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An empirical analysis of viewer demand for U.S. programming and the effect of Canadian broadcasting regulations


  • C. Leigh Anderson

    (Department of Public Administration, Carleton University, Northfield, Minnesota)

  • Gene Swimmer

    (Department of Public Administration, Carleton University, Northfield, Minnesota)

  • Wing Suen

    (Department of Economics, Hong Kong University, Hong Kong)


Using viewer share and rating points for the Toronto|Hamilton television market, we estimate the demand for U.S. programs retransmitted in Canada and test several hypotheses on the effect of domestic content regulation, program type, simulcasting regulations, network affiliation, and other broadcasting variables on audience size. These estimates have general implications for the current trade debate over the cultural industries. More specifically, our results provide support for some U.S. rights holders arguing for greater compensation for the retransmission of programs in Canada, and they raise questions about the publicly stated rationale of domestic content quotas generating net social benefits. These results can generalize to the many European Union and English-speaking countries using similar domestic content quotas.

Suggested Citation

  • C. Leigh Anderson & Gene Swimmer & Wing Suen, 1997. "An empirical analysis of viewer demand for U.S. programming and the effect of Canadian broadcasting regulations," Journal of Policy Analysis and Management, John Wiley & Sons, Ltd., vol. 16(4), pages 525-540.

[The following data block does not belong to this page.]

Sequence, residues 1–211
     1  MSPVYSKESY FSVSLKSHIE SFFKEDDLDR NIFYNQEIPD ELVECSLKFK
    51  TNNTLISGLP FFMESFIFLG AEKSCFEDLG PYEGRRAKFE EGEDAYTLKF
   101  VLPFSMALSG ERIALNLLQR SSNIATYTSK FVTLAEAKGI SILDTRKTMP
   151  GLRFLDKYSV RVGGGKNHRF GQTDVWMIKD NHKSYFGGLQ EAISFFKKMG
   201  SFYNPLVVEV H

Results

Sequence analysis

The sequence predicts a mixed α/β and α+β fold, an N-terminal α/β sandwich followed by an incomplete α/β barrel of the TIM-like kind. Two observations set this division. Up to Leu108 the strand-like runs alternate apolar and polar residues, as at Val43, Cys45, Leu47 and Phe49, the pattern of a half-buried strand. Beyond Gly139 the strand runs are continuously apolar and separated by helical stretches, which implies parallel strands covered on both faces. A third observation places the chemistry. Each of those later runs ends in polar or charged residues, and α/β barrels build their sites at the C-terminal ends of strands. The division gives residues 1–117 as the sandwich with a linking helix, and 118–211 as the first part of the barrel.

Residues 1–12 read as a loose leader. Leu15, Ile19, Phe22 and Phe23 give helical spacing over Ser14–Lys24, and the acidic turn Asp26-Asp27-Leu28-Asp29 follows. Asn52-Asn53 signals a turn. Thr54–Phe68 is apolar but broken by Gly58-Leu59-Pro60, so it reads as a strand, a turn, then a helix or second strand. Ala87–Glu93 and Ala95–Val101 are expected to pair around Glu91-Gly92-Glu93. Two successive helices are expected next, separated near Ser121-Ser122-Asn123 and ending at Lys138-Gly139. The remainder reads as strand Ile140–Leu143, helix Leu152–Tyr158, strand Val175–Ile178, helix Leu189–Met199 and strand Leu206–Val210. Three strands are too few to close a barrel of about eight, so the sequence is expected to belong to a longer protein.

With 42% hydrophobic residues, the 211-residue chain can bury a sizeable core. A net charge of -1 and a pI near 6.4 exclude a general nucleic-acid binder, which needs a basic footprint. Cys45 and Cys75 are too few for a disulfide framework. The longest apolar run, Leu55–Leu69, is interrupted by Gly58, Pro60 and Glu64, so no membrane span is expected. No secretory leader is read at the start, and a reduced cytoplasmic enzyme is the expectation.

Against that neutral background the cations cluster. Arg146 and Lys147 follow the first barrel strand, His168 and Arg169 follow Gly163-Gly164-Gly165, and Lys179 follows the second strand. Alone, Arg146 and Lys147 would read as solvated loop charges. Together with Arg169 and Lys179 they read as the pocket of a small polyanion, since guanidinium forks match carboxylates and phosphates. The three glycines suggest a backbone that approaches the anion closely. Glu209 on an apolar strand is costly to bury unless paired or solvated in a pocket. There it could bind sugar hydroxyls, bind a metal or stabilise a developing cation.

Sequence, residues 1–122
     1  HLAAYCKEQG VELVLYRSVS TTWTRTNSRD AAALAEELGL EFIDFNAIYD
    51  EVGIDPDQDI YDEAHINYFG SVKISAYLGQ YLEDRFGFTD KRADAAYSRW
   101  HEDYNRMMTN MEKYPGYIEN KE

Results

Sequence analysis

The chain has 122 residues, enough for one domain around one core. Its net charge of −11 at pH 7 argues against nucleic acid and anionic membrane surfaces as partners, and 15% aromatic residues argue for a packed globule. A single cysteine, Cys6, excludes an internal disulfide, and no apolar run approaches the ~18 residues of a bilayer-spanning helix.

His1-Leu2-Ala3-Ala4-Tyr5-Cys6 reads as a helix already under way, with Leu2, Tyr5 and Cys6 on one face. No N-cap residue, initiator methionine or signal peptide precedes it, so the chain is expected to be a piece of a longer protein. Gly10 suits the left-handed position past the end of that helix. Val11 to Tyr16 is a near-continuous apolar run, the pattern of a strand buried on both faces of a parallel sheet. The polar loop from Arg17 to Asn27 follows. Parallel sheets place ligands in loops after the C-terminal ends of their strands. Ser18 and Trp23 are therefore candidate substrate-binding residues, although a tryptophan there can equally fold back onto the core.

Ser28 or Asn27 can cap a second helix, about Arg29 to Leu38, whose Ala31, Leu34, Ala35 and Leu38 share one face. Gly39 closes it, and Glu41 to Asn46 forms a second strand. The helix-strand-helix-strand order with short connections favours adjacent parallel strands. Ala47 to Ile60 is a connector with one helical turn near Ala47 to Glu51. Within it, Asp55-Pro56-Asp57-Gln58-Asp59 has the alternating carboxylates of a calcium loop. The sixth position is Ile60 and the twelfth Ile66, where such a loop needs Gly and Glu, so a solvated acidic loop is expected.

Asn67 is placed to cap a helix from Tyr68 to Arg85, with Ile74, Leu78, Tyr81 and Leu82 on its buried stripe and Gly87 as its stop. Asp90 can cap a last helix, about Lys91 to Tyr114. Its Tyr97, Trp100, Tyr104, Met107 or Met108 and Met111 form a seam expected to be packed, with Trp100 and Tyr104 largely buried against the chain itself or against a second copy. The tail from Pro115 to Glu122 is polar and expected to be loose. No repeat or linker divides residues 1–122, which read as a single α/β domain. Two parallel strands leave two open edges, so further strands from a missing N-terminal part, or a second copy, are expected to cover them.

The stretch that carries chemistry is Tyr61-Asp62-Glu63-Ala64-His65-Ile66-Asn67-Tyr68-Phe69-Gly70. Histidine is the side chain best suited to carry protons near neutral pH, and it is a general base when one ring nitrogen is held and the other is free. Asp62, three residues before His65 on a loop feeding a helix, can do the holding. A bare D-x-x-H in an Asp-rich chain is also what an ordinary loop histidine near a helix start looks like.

• Handle: RePEc:wly:jpamgt:v:16:y:1997:i:4:p:525-540
    DOI: 10.1002/(SICI)1520-6688(199723)16:4<525::AID-PAM1>3.0.CO;2-I

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    References listed on IDEAS

    1. C. Leigh Anderson, 1992. "Canadian Content Laws and Programming Diversity," Canadian Public Policy, University of Toronto Press, vol. 18(2), pages 166-175, June.
    2. Anthony E. Boardman & Aidan R. Vining, 1984. "Canadian and British TV Markets: Why the CBC Should Not Be Like the BBC [Market Structure and Television Programming Performance in Canada and the U.K.]," Canadian Public Policy, University of Toronto Press, vol. 10(3), pages 347-352, September.
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    Cited by:

    1. Bekkali, Mukhtar & Beghin, John C., 2005. "Economics of Domestic Cultural Content Protection in Broadcasting, The," Staff General Research Papers Archive 12476, Iowa State University, Department of Economics.
    2. Lawson A.W. Hunter, Q.C. & Edward Iacobucci & Michael J. Trebilcock, 2010. "Scrambled Signals: Canadian Content Policies in a World of Technological Abundance," C.D. Howe Institute Commentary, C.D. Howe Institute, issue 301, January.

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